The Abolition of Man and The Great Divorce by C.S. Lewis

I waited much too long to read these excellent books. Both are short and profound. They are philosophically challenging and will take many re-reads to fully grasp. The Abolition of Man masterfully summarize the importance of universal values for societies. The Great Divorce is an allegory of heaven and hell and the decisions people make when confronted with them.  I cannot praise Lewis adequately enough so I’ll leave this one short and sweet. Go read them.

5 To 1 by Holly Bodger

The plot takes place in 2054, where India is suffering from an immense gender gap. There are 5 boys to every 1 girl. Tired of being sold to the highest bidder, women in India split from the government and form their own country where boys must compete in a series of tests to “win” a wife. The plot flips between the poetry of Sudasa, the girl to be won, and the prose of Contestant 5, who only wants to escape. On the one hand, it is an emotionally appealing and brief (250 page) story that succeeds where most dystopian novels fail because it doesn’t try too hard. There is no insta-love or cliff-hanger ending leading to multiple, pointless sequels. On the other hand, it is also a serious message about elevating one gender over the other, and the danger of valuing sons over daughters or vice versa. Good truths wrapped in a beautiful little YA novel.

Kisses From Katie: A Story of Relentless Love and Redemption by Katie Davis

The inspiring true story of Katie, an average American teenager who discovered a passion for Uganda. A single mission trip quickly became a life calling for 18-year-old Katie, who returned after graduating and ended up adopting 14 girls. This book is inspiring and encouraging. Katie’s passion and joy comes through the pages, and I found myself helplessly grinning as I read it! This is a woman who has found her calling and it is beautiful to behold.  

I Am Princess X by Cherie Priest

A brilliant addition to the world of well-told stories. I Am Princess X is a pink and purple book that tells the story Libby and May: the dynamic duo. Best friends since 5th grade, they were co-creators of Princess X, a katana-weilding, ghost defeating princess of their imagination. Libby drew the comics, May wrote the plots, and Princess X made them the perfect trio. Until Libby died in an accident at age 13. Three years later, only May is left. Until one day she sees a Princess X sticker on a building. Then graffitied on a wall. And again on a backpack. Princess X is everywhere, made popular by an online webcomic. Only two people knew about Princess X, and one of them is dead. Or is she? This book is full of convenient coincidences and implausible moments but it really is one of my favorites from this year. It is a fairy tale and a thriller and a story of friendship with a superhero feel. Bad Guys are Bad and Good Intentions save the day. What more could you want?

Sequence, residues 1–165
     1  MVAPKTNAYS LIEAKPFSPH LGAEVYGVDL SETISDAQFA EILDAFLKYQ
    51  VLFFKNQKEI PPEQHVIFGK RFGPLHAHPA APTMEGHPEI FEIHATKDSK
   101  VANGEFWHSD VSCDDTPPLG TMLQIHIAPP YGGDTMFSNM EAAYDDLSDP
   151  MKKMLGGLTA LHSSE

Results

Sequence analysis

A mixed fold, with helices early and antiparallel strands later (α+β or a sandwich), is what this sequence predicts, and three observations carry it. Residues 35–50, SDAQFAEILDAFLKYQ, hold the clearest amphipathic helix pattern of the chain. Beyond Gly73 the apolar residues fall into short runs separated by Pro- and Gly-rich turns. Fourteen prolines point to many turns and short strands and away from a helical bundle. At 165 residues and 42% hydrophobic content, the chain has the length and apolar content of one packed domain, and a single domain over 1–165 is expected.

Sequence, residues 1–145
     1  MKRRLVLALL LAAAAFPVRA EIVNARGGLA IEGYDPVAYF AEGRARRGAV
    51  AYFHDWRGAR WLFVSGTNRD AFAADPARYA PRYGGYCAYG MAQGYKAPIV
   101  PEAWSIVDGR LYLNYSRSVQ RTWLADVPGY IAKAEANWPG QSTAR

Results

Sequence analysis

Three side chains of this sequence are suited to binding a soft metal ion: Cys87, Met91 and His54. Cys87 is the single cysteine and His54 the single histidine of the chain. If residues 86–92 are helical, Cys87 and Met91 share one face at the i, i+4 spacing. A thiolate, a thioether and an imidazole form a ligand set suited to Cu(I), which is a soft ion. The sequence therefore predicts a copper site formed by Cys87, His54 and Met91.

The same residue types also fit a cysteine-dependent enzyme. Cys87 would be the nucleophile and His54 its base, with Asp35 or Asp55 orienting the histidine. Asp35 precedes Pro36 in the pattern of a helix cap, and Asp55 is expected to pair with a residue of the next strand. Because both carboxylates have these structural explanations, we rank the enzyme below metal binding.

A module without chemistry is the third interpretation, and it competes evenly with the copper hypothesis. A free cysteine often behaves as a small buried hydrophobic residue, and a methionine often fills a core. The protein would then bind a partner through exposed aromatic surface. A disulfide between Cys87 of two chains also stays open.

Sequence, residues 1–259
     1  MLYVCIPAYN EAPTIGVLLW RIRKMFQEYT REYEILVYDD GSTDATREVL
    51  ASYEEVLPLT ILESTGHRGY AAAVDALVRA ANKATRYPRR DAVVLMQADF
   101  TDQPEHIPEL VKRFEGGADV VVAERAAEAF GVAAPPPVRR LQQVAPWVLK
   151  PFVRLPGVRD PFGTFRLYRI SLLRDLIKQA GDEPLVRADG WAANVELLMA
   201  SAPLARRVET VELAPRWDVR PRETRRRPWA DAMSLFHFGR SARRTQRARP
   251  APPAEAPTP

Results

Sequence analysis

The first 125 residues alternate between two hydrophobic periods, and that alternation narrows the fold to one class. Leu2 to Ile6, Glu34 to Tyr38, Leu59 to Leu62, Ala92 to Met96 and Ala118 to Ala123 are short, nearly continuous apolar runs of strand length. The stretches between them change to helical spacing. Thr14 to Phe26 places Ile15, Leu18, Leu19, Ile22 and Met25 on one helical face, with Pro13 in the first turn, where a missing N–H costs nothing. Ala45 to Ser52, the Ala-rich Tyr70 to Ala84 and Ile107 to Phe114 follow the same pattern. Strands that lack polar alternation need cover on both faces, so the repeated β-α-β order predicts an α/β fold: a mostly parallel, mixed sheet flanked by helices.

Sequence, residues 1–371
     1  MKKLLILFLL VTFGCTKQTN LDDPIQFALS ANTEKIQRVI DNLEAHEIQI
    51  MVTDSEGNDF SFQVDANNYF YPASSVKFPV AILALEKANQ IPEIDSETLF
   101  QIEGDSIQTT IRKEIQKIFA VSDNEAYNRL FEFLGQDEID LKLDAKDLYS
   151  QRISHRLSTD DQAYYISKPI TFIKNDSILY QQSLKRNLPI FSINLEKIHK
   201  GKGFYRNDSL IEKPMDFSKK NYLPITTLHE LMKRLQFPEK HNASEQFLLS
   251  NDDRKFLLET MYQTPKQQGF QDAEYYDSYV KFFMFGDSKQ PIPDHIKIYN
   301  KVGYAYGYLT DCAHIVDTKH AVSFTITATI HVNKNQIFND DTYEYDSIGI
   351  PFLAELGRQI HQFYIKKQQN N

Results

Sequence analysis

Elizabeth Is Missing by Emma Healey

Elizabeth Is Missing is a riveting story with a double mystery and an unreliable narrator. Maud can’t remember. She knows her friend Elizabeth is missing, she wrote it down. However, no one believes her, not her daughter, her caretaker, or the police. But Elizabeth is missing. Or is it Maud’s sister, Sukey, who is gone? The years get mixed up for Maud – a woman with dementia – as she recalls the mysterious disappearance of her older sister. Except now it is her friend, Elizabeth, who has disappeared and no one will listen! A very well written mystery that simultaneously echoes the frustration of growing old and the hardship of caring for an aging parent.

Feeling Sorry For Cecelia by Jaclyn Moriarty

Jaclyn Moriarty is quickly becoming one of my favorite YA authors. Feeling Sorry For Cecelia follows a teenage girl named Elizabeth and the struggle she feels losing her best friend, Cecelia. However it is not told in the usual way. The plot is laid out in notes between Elizabeth and her mother, letters with her pen-pal, postcards from her best friend, and occasional letters from her self-esteem. It is very well done. The book handles serious issues (divorced parents, changing friendships, relationships, etc.) but does so in a funny, wry style that kept the story bitter-sweet instead of just plain depressing. The book is peppered with a variety of wonderful, quirky characters. PG13 for content, but well worth it if you’re looking for a solid YA read.